Disability Studies Quarterly
Summer 2005, Volume 25, No. 3
<www.dsq-sds.org>
Copyright 2005 by the Society
for Disability Studies


BOOK & FILM REVIEWS

Hackford, Taylor (Producer & Director). Ray. [Film]. 152 minutes, 2004. Universal Pictures release. Screenplay by James L. White and Taylor Hackford. DVD release date: February 1, 2005.

Reviewed by Carol A. Gosselink, Southwest Missouri State University

That Ray Charles Robinson, as portrayed in Ray, was a musical genius is never in question. Yet his greater genius rests in overcoming society's and his own psychological handicapping impediments. Born to an unwed, uneducated mother, Ray survived hardscrabble 1940s southern poverty. Due to his mother's insistence that her illiteracy and social status would not condemn them to subservience, Ray was toughened for the struggles ahead.

The film illustrates five formative childhood events. First, Ray witnesses his mother confronting an unethical employer, who summarily fires Ms. Robinson. As they march home barefooted on a dusty, rut-filled road, Ray's mother says, "Scratch a lie, catch a thief," a truism Ray remembers later when he dismisses a manager for embezzling his earnings. Second, Ray's mother admonishes him, "Don't never let no one take advantage of you cuz you don't got no education." Later we see Ray attending school due to his mother's determination to help him escape her plight.

A third incident haunting Ray for decades was the tragic drowning of his younger brother. The disturbing image of small hands and feet flailing against the water's death grip appears to Ray again and again. Without being explicit, the film implies that Ray's handicapping drug abuse emanates from his psychological distress over having done nothing to save Georgie.

A fourth brief but important vignette shows Ray being mentored by a backstreet long-fingered black musician composing the blues. From him, Ray first learns how to coax improvised riffs from the piano that will become part of his musical repertoire.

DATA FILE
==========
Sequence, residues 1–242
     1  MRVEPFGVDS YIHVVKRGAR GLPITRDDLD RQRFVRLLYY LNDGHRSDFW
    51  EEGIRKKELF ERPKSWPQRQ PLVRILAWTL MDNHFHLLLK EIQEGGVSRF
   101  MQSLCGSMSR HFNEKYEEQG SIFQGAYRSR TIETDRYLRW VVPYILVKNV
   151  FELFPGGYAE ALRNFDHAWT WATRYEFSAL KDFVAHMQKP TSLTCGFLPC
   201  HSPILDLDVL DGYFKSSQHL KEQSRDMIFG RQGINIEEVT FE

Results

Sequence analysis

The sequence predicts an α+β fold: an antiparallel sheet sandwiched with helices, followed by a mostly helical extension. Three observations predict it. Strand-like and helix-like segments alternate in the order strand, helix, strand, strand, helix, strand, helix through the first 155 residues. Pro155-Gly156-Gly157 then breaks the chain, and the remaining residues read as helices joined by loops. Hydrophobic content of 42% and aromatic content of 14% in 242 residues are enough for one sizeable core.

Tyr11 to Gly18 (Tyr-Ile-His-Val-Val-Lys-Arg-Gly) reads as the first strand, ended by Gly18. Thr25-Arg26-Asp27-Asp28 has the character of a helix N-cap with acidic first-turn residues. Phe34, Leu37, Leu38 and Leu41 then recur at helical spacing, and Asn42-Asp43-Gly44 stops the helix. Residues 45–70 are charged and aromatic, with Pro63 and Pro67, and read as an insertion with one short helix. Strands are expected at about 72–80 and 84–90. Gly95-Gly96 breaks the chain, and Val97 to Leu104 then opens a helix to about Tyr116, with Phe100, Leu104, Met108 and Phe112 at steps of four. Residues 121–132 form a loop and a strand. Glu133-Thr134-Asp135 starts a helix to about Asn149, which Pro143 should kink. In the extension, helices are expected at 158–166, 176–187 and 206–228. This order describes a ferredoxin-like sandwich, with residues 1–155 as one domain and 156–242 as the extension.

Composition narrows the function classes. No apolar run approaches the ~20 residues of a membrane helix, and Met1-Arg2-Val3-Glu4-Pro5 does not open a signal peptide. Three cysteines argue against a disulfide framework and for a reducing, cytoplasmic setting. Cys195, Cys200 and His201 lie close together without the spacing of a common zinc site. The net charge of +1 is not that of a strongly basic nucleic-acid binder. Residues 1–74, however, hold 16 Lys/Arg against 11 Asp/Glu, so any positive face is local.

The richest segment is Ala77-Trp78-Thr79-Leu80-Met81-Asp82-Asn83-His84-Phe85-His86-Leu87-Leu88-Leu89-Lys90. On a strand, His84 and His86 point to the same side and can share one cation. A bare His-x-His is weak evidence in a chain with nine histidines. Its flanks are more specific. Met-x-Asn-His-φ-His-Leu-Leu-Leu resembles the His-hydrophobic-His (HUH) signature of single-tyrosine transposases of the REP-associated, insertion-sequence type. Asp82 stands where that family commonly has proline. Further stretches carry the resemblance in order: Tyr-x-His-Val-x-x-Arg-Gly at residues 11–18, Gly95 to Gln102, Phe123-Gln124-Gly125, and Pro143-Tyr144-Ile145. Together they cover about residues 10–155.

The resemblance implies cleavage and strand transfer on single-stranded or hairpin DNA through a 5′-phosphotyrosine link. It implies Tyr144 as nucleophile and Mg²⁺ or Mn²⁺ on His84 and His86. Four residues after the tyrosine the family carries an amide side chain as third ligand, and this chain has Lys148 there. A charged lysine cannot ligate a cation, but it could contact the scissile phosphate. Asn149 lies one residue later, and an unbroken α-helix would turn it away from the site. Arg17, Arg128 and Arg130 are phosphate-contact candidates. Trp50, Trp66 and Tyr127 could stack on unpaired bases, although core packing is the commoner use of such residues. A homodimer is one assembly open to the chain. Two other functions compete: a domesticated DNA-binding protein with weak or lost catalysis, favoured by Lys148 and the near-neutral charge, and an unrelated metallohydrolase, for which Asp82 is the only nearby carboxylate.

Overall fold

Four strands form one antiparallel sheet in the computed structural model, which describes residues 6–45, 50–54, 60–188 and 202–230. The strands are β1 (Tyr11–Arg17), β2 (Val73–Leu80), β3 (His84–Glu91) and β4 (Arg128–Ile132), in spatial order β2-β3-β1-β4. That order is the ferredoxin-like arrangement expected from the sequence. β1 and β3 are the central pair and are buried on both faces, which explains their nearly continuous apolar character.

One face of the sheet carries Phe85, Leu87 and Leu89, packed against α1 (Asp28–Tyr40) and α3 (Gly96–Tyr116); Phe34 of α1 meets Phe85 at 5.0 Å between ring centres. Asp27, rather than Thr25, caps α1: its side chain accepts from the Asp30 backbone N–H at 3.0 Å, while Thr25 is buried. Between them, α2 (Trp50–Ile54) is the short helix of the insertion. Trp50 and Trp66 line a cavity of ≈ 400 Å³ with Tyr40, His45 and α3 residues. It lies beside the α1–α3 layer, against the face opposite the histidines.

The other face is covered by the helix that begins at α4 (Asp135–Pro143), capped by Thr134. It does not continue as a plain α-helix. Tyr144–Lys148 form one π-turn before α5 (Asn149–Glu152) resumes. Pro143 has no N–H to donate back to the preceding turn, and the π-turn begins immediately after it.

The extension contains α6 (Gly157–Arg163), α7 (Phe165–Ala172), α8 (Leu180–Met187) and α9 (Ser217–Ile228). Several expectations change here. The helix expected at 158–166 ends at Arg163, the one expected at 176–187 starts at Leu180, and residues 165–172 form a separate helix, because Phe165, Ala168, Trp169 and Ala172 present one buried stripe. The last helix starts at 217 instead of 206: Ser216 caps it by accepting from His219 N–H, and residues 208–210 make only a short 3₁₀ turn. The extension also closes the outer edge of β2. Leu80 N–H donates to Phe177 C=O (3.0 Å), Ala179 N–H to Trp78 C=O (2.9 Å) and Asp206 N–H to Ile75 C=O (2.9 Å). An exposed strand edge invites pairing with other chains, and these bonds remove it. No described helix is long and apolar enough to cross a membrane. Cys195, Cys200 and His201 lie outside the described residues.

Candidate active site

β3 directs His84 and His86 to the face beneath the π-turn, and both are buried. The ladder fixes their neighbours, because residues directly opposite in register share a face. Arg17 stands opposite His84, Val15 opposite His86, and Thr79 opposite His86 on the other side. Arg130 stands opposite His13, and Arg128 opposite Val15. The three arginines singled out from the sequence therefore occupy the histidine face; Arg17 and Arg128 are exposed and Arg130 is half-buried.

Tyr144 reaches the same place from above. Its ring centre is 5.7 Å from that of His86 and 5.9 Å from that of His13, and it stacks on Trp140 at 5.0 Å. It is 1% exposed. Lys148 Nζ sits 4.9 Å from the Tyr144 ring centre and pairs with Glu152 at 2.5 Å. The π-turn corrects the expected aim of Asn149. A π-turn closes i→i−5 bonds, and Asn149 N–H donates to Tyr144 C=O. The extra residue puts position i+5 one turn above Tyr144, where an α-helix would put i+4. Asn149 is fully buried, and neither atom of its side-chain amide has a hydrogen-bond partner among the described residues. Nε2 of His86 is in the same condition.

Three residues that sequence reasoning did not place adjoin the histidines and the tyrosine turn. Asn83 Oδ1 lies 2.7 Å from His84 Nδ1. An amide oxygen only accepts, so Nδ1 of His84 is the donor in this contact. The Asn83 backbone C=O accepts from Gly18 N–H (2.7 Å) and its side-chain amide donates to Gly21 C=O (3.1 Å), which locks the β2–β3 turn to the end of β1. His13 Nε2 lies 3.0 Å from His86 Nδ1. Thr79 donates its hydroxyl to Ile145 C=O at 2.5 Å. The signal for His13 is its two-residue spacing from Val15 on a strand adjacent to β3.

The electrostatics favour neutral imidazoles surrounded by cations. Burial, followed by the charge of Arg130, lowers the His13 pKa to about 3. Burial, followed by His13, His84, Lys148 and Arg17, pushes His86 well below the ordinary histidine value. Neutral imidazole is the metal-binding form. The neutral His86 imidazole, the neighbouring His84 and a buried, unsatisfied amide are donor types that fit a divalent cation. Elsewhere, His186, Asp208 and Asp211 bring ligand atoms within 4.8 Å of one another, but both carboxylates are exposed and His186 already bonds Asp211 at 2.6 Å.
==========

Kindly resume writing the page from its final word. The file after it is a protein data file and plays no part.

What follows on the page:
The final telling childhood episode, for which Ray is best known, depicts his insidious, undiagnosed loss of vision, leaving him able to see only faint shadows. Again, his frail but feisty mother imbues him with the will to surmount this obstacle: "You promise me, Ray, don't let nobody ever make you no cripple." Bravely sending her sole surviving son away to a school for the blind, Ray's mother helps him succeed in a handicapping, often heartless world insensitive to "cripples."

As a young man, Ray makes his debut at a mediocre club in Los Angeles run by a monetarily and sexually voracious woman who insists on becoming Ray's manager. The film follows Ray's bus tours with a group to play in small "colored only" dives. These endless, meaningless gigs with musicians already addicted to drug-induced euphoria, coupled with Ray's terrifying flashbacks of Georgie's drowning, lead Ray to start using heroin. Despite marrying the love of his life and shrewdly negotiating record deals "better than Sinatra," Ray continues his drug-addicted decline. According to the movie, in fact, more than suffering racial discrimination, more than people's attempts to exploit him because he was blind, the most handicapping experience of Ray's life was self imposed: the seduction of the needle.

Ray is to be applauded for his (albeit belated) challenge to "whites only" southern concerts. One day in Atlanta, as he is escorted past black protesters not allowed to buy tickets to his performance, Ray recognizes that by going along with apartheid, he was contributing to it. Never again playing for whites-only venues, Ray helps dismantle an ingrained, handicapping Jim Crow system and advances the struggle to achieve equality.

Finally, too, and as reluctantly, Ray confronts his drug abuse and, in brief but grim scenes, fights the demons cold turkey. The biopic implies that only by receiving absolution for Georgie's death from a psychiatrist is Ray finally able to beat his worst disability: drug addiction.

While musically enthralling, the movie Ray, like the man himself, is nonetheless seriously flawed. Ray, the man, was a womanizer, a drug user, and more fueled by ambition than loyalty to friends. Ray, the movie, Hollywoodizes the story. While conceding many of its subject's shortcomings, the film focuses far more on rationalizing Ray's actions rather than fully acknowledging that Ray's controlling and sometimes cruel behaviors were choices he made to achieve his goals. The movie reduces the countless mistresses--and sometimes fathered children--left behind in his wake down to two. In both cases, the women are portrayed as seductresses hoping to barter Ray's fame into careers of their own.

Perhaps the worst criticism for the film, however, is the sudden and abrupt condensation of the last half of Ray's life into a two-minute voice over with words on the screen heralding Ray's nonstop performances without the crutch of drugs until his death. As a gerontologist, this reviewer reproves such a clumsy ending that reinforces the belief that aging is such a serious handicapping condition, it is unworthy even of film time.

Despite these criticisms, Ray stands as a tribute to a man who prevailed in spite of vision loss, racism, and drug addiction in the meanest of mean streets, the music industry. For that, the soundtrack, and Jamie Foxx's Academy-Awarded portrayal, the film is worth a look.





Copyright (c) 2005 Carol Gosselink



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